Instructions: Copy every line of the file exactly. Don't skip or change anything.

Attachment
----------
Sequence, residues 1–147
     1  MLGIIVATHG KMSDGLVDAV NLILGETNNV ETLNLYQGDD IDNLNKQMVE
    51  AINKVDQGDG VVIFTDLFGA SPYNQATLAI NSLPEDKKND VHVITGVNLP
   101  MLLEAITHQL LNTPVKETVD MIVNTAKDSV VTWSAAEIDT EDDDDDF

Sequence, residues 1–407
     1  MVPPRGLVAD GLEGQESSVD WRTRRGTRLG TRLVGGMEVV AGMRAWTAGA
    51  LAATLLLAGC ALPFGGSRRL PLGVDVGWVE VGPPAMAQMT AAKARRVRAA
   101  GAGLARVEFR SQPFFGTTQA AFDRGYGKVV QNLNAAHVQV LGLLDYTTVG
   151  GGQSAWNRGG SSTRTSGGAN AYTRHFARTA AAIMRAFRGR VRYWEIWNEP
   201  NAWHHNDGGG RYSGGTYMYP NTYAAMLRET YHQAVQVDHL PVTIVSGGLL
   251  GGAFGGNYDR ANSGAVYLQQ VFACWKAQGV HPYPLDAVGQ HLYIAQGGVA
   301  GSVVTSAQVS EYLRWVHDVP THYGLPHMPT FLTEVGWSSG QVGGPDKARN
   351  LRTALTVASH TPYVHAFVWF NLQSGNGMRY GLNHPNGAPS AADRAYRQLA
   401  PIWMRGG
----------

Sequence, residues 1–147
     1  MLGIIVATHG KMSDGLVDAV NLILGETNNV ETLNLYQGDD IDNLNKQMVE
    51  AINKVDQGDG VVIFTDLFGA SPYNQATLAI NSLPEDKKND VHVITGVNLP
   101  MLLEAITHQL LNTPVKETVD MIVNTAKDSV VTWSAAEIDT EDDDDDF

Sequence, residues 1–407
     1  MVPPRGLVAD GLEGQESSVD WRTRRGTRLG TRLVGGMEVV AGMRAWTAGA
    51  LAATLLLAGC ALPFGGSRRL PLGVDVGWVE VGPPAMAQMT AAKARRVRAA
   101  GAGLARVEFR SQPFFGTTQA AFDRGYGKVV QNLNAAHVQV LGLLDYTTVG
   151  GGQSAWNRGG SSTRTSGGAN AYTRHFARTA AAIMRAFRGR VRYWEIWNEP
   201  NAWHHNDGGG RYSGGTYMYP NTYAAMLRET YHQAVQVDHL PVTIVSGGLL
   251  GGAFGGNYDR ANSGAVYLQQ VFACWKAQGV HPYPLDAVGQ HLYIAQGGVA
   301  GSVVTSAQVS EYLRWVHDVP THYGLPHMPT FLTEVGWSSG QVGGPDKARN
   351  LRTALTVASH TPYVHAFVWF NLQSGNGMRY GLNHPNGAPS AADRAYRQLA
   401  PIWMRGG